James Vaughan was elated. Not yet out of his teenage years, the striker had scored the winning goal for Everton on an exhilarating European night.
And just like most people when they achieve something extraordinary, he wanted to talk about it.
Unlike most people, however, his opportunity to chatter nineteen to the dozen came in the form of having a microphone thrust under his nose, his blood still pumping furiously around his body.
Alas, not furiously enough to enable him to give the viewing public any insight into his emotions.
“The day was just freezing,” Vaughan tells evertonfc.com. “I remember doing an interview on the television afterwards and I could hardly speak – that is the main thing I remember about the game.
“But I will never forget the day because it was just so bitterly cold.”
To give Vaughan’s recollections some context, he is harking back to the day Everton spiked AZ Alkmaar’s 31-game unbeaten home record in continental competition.
The Dutch team needed to win the Europa League group match in December 2007 in order to avoid being dumped out of the tournament. They would have fancied their chances, too.
Everton had won their previous three games and already guaranteed a berth in the knockout stages. The demob happy Blues travelled to Holland without a host of regular starters, all putting their feet up at home in advance of the traditional Christmas fixture blitz.
What David Moyes’s team did have in their favour, though, was momentum. They had not lost any of their previous 12 matches, comprising games in the Premier League and League Cup, as well as in Europe.
Vaughan was watching from the bench – wrapped up against temperatures that had plummeted to -12 degrees – as Andy Johnson opened the scoring after only 63 seconds, before future Southampton striker Graziano Pelle pounced to level on 16 minutes.
“We were all sat there absolutely freezing,” says Vaughan. “I was just so grateful when I could get on get on and was able to start running around.”
He had to wait until the 68th-minute for his turn, with David Moyes sending for Vaughan and fellow 19-year-old Bjarni Vidarsson, shortly after Alkmaar had equalised for a second time, following Phil Jagielka’s headed goal for Everton on the stroke of half time.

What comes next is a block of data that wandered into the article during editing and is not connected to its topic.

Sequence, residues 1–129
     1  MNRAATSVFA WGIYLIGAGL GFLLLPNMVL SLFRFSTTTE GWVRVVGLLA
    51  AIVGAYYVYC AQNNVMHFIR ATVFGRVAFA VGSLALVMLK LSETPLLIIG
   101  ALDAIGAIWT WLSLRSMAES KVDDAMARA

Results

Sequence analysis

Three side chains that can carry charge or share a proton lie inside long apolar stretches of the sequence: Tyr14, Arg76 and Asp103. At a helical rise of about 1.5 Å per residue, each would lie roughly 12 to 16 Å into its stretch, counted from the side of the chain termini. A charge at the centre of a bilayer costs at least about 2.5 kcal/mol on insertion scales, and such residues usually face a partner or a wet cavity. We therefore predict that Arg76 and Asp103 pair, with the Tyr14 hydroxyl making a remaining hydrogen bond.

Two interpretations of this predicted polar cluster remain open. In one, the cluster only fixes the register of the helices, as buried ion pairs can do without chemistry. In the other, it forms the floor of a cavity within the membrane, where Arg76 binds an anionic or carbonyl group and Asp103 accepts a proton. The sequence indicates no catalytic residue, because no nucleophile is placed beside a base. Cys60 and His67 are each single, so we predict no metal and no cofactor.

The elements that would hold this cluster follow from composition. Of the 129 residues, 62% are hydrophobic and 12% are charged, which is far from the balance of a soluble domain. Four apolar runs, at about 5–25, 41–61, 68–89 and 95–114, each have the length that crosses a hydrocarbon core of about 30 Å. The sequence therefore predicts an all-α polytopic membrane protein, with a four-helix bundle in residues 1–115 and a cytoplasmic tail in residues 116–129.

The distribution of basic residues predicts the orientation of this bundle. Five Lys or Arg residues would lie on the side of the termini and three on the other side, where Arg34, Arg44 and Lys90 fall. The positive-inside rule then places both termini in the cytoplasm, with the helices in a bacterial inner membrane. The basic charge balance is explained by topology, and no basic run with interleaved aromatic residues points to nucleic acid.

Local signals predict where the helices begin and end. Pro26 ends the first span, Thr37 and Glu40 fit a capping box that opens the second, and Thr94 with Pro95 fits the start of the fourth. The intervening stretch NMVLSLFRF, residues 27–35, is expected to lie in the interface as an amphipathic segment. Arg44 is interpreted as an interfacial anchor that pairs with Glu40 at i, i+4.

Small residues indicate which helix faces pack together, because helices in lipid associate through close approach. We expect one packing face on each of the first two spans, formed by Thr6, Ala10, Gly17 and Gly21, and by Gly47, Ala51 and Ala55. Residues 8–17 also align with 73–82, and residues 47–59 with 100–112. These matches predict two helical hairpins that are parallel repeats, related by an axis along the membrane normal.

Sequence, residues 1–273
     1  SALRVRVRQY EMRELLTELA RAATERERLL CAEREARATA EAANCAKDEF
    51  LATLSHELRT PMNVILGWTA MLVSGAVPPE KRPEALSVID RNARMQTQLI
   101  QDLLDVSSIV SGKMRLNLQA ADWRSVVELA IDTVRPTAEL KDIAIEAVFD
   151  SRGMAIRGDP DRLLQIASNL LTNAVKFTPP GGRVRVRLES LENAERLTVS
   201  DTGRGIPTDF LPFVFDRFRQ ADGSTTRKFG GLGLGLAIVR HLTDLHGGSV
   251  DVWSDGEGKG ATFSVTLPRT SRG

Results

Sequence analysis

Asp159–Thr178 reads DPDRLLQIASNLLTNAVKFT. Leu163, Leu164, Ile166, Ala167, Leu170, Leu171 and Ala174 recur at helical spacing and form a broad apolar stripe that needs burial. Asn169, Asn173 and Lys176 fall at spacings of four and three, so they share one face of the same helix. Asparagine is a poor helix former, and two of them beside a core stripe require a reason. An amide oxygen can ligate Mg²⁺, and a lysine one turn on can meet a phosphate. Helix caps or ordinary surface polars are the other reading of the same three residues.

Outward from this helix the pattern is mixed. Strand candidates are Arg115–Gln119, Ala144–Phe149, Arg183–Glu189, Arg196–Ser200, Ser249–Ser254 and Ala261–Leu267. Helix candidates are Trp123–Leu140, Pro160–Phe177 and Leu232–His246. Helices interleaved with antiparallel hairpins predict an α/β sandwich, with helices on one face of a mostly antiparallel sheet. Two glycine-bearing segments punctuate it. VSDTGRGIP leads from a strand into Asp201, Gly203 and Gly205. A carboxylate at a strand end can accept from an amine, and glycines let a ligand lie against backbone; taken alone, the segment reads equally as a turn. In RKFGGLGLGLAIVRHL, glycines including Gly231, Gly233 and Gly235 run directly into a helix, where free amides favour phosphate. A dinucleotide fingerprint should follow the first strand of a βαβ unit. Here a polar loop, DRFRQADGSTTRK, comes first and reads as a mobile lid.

Alkmaar’s decorated manager Louis van Gaal must have sensed victory, with his team back level pegging and Moyes summoning the novices.
The Everton boss, in fact, would introduce a 16-year-old Jack Rodwell into the fray with 10 minutes remaining, so making the midfielder the Club's youngest player in European competition.
But not before Vaughan had his moment, the energetic forward applying a gossamer touch on Victor Anichebe’s flighted ball to outfox goalkeeper Boy Waterman and give Everton the lead for a third and final time.
“After sitting on the bench for a while, to come on and score – and in a European game – was fantastic,” says Vaughan.
“I can clearly remember the finish. It was a ball over the top, I hit it with the inside of my left foot and it just trickled in.
“It was a big thing to end their unbeaten home record, as well. I remember everyone telling us about it after the game – we hadn’t realised. It is always great to win away from home in Europe, regardless – but even more so against a team that had not lost in such a long time.”
Besides Vaughan, Anichebe, Rodwell and Vidarsson, Everton’s team in Alkmaar contained another Academy graduate in the shape of Tony Hibbert, with both John Irving and Patrick Boyle named among the substitutes.
And Vaughan – who returned to Goodison Park in the colours of Sunderland last week and came up against Tom Davies and Jonjoe Kenny, two of the latest youngsters to roll off the Finch Farm production line – is delighted to see the Toffees continuing to uphold their tradition of giving talented youngsters an opportunity to shine.
He hopes, too, that his old club can outdo his Everton 2007-08 vintage’s Europa League run, which was halted by Fiorentina at the last-16 stage.
“Playing in Europe is massive for anyone,” says Vaughan. "I was proud to do that and still look back on it now. I am sure a lot of the players there feel the same and will be aiming to do really well in the competition.
“When we were there, it was always the case that the Club wanted to give young players a chance. If you were training well, and doing well in the youth and reserve teams, you would get your chance. And that game in Alkmaar proved it.
“I played for Everton from when I was a kid, all the way through to the first team. So, to play in Europe and score in Europe for that Club was extra special.”